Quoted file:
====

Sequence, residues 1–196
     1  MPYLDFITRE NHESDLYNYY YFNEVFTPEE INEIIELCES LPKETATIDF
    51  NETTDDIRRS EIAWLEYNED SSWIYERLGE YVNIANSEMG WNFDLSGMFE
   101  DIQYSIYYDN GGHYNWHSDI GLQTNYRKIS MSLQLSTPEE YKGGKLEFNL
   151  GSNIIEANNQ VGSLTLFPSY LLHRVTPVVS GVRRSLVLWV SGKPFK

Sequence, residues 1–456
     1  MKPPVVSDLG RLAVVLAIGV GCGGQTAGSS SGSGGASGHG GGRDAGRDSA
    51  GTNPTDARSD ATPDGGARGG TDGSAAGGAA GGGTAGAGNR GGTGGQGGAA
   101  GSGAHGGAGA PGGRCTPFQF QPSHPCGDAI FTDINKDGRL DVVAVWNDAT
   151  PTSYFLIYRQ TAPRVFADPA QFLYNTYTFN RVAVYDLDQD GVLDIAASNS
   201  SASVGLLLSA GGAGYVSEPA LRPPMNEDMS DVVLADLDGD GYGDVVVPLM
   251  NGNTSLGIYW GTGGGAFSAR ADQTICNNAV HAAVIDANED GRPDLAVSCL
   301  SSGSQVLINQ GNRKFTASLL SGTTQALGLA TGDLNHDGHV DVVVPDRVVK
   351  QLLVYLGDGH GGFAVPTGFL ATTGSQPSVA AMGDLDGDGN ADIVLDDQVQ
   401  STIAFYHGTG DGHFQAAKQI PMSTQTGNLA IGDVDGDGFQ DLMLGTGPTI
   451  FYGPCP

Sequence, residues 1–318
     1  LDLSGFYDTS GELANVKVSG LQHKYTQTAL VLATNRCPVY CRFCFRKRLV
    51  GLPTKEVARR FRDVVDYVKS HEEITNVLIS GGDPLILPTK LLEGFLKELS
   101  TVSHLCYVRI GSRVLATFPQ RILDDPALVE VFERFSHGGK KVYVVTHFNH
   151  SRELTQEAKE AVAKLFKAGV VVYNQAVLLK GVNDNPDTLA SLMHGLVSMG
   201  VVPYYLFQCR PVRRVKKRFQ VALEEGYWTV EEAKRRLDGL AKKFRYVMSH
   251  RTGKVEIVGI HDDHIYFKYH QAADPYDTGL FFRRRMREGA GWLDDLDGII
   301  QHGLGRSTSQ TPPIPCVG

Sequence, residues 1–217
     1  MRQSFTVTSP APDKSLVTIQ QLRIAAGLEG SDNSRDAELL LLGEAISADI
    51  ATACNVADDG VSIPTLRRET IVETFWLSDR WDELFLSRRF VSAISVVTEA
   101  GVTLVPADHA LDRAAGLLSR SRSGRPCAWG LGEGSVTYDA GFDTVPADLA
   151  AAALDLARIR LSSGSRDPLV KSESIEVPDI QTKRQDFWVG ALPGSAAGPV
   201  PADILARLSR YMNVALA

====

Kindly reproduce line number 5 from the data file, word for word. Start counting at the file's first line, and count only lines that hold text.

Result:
   151  GSNIIEANNQ VGSLTLFPSY LLHRVTPVVS GVRRSLVLWV SGKPFK